Walls of the City reminds us (by way of Sharp As A Marble) that while we continue to speak of ourselves as the Land of the Free, we certainly are no longer:
30 years ago, you’d just assume that anything that wasn’t obviously contrary to morality was legal. That is, you’d have a built-in default setting of assuming liberty. And that assumption of liberty would then propel you to take actions.
But now, you have to assume that many things that aren’t contrary to morality are illegal anyway. And so you now have — quel coincidence! — a built-in default setting of assuming prohibition. And that assumption that many of the things you’d like to do are illegal and criminal thereby reduces your desire to take any action at all.
Can you name all of the crimes in your state that are felonies? Can you name all of the crimes in your state that are misdemeanors? Have you ever uttered the words, “Is that legal?” without actually being able to intuitively guess whether it is or not?
Welcome to the club. And the problem.
You should go and read the whole thing. It’s well worth your time, and even has some Latin words in it!
The Country for whom I would have probably died (in Vietnam – had I not been a disabled 4-F) no longer exists. She does on paper (The Constitution), but that was long ago, and like Benghazi, is no longer relevant.
Did you know The United States has more prisoners per capita than any other Nation? How many of these folks zigged when they should have zagged? Or were caught with weed. Or carrying a gun for protection?
Lets stop electing people to legislatures to pass more incomprehensible laws. Lets elect them to remove laws. And hold those accountable who messed everything up. THEY are the people who should be afraid. And incarcerated!
Too much privacy advocacy is done by a self-appointed expert class who, believing their own preferences to be universal, beseech legislators and regulators to mold or even remake the information economy. I have nothing against self-appointed experts—I am one, and some of you have been falling for my schtick for a decade. But the hubris of claiming to know how things should come out? That’s too much.
So the Electronic Frontier Foundation’s “Who Has Your Back?” report is real stand-out. Using a clear, six-star grid, they assess how well major Internet companies and ISPs do when it comes to key dimensions of privacy protection. (Jim Harper/Cato@Liberty)
It’s worth going to the link above and determining who (or if) your ISP has your back. Remember a couple years back when *blog name redacted* had his Internet service terminated, and his home raided w/o benefit of a warrant because of potentially inflamatory statements he made in his blog? It was Massachusetts, so, the State revoked his gun permit and confiscated his firearms, too! With no due process involved and the full cooperation of his ISP with the authorities.
So much for protecting the customer…
Go check out the grid, and be enlightened.
The Manchin-Toomey background check amendment, one of nine proposed changes to a gun control bill currently being debated in the U.S. Senate, on Wednesday failed to get the 60 votes required for passage.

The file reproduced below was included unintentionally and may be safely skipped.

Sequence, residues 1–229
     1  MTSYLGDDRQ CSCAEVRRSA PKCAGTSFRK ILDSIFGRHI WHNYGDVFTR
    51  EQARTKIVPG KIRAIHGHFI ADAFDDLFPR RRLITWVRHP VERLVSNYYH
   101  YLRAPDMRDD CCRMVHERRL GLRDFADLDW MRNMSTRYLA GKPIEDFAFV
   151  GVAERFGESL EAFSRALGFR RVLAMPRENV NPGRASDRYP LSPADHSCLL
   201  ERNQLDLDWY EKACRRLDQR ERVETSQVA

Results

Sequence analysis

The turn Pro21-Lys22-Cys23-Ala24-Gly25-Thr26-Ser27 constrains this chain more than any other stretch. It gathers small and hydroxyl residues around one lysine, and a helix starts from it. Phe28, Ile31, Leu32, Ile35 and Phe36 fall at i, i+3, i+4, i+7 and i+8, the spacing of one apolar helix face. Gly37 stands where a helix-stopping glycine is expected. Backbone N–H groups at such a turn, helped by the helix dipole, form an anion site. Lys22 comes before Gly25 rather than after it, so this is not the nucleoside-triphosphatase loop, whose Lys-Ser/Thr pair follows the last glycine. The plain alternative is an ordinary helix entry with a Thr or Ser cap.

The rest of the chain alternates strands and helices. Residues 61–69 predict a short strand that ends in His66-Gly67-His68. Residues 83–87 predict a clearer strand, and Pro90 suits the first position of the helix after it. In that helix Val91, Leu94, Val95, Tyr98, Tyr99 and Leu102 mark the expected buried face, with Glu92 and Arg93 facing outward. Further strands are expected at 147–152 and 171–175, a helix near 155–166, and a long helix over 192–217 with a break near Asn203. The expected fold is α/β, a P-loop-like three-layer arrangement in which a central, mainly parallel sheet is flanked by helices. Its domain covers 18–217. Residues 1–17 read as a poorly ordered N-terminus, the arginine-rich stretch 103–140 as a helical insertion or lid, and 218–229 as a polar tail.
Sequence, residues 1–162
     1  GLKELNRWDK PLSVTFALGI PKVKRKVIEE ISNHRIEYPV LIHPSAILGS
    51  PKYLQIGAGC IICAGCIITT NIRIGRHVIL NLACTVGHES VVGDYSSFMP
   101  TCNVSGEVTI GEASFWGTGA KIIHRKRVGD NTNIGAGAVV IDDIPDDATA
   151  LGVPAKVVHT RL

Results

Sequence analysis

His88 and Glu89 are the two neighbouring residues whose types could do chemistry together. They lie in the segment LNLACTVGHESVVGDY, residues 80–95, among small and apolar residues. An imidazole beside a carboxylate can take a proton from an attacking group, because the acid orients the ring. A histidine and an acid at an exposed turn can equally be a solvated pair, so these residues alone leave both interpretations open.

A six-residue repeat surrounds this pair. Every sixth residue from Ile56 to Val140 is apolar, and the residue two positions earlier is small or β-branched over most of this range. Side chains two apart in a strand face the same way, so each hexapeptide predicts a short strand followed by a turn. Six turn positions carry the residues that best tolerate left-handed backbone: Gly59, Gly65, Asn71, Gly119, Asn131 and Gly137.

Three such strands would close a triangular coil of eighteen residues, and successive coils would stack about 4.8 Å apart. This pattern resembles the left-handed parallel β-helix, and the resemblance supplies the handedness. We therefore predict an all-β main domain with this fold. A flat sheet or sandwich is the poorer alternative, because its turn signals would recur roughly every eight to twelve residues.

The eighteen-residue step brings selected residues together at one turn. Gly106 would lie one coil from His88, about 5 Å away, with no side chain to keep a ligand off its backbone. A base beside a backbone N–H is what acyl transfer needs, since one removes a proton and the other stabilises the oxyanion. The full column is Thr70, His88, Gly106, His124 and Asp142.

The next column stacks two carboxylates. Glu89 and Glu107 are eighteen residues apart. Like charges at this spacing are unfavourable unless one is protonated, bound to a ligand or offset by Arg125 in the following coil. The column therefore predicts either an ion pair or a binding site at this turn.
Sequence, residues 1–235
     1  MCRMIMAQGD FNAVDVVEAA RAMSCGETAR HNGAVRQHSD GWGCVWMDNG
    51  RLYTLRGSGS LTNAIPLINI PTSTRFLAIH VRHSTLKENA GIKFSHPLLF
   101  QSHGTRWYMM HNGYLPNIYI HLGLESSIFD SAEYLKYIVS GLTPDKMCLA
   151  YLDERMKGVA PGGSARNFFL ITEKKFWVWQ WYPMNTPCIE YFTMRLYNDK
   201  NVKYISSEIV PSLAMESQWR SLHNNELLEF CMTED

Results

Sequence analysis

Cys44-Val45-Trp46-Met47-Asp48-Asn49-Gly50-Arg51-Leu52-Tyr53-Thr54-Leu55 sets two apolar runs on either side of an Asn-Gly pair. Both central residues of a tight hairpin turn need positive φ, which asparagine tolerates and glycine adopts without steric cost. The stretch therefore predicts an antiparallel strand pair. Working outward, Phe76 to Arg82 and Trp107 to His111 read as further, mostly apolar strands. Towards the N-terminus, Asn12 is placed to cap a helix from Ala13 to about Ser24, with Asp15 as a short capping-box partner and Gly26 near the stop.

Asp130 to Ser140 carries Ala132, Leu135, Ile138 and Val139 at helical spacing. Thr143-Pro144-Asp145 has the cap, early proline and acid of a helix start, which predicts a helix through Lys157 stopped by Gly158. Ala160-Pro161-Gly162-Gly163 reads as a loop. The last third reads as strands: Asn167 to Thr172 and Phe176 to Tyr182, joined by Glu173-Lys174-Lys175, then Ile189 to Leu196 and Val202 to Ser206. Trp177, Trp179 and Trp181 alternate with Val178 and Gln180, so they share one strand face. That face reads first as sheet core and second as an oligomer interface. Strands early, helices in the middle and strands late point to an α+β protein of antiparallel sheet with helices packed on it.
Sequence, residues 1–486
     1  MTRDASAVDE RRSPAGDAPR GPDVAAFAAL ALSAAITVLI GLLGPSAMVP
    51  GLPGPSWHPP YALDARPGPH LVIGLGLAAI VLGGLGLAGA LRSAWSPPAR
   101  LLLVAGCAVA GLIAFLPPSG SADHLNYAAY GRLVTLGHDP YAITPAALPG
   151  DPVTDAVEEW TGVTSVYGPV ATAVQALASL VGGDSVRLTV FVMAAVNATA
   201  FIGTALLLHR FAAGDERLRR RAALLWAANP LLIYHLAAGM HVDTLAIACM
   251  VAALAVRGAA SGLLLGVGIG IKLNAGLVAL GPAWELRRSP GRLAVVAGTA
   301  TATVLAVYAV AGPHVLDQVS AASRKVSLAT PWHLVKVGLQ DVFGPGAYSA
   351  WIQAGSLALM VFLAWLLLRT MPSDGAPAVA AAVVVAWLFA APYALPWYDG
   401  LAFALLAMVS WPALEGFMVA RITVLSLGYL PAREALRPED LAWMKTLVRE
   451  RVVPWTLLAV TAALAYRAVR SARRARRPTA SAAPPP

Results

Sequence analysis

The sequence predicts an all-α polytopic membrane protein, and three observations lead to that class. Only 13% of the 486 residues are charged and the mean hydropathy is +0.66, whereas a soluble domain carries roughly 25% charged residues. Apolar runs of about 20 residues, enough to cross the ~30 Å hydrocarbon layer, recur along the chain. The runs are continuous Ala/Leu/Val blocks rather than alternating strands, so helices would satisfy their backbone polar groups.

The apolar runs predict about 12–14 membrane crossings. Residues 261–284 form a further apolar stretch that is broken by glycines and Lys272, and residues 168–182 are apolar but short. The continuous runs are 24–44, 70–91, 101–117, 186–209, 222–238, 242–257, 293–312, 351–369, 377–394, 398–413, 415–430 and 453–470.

Fifty-four U.S. Senators voted “aye” and 46 voted “nay.”
The proposal, named for Sens. Joe Manchin (D-W. Va.) and Patrick Toomey (R-Pa.), would have expanded existing background checks on gun buyers to cover firearms sold at gun shows and via the Internet.
Senate Minority Leader Harry Reid voted against the proposal. He was joined by Democrat Sens. Baucus, Begich, Heitkamp, Pryor.
“Reid voted no for procedural reasons,” CBS News’ Major Garrett explains. “As Majority Leader, a ‘no’ vote allows him to bring the amendment up again.”
Arizona Republican John McCain voted in favor of the bill. He was joined by Republican Sens. Collins, Kirk, and Toomey. (The Blaze)
There were nine amendments proposed. None passed, including some pro-rights amendments. BUT, debate continues on so-called ‘gun control’ in the Senate.
In short, we’re not done yet. Perhaps we’ve won a battle, but certainly not the war.
THIS has yet to occur…
We must stay on-point and remain vigilant!
h/t Glenn Beck
You remember FEMA? The federal agency created by President Jimmy Carter accused of everything from building relocation/education camps to not having been activated quick enough by President G. W. Bush during Katrina?
Well, the current President did his photo op showing he personally was overseeing emergency efforts with Sandy. Then, once the election was over he skedaddled to wherever, and this is what the FEMA office looked like, essentially abandoning Staten Island and other areas…
And, he then reportedly wasted no time in reaffirming his support regarding the U.N. Small Arms Treaty. And BATFE is interested in meeting with the NSSF(!) And Mayor Bloomberg has presented a 40 point plan to on how to institute more gun control without Congress needing to act.
Welcome to the new, rejuvenated, President Obama administration. Three days after re-election.
It’s going to be a bumpy ride.
h/t Stately McDaniel Manor, Shall Not Be Questioned
Natural News.com reports on a disturbing trend in public schools…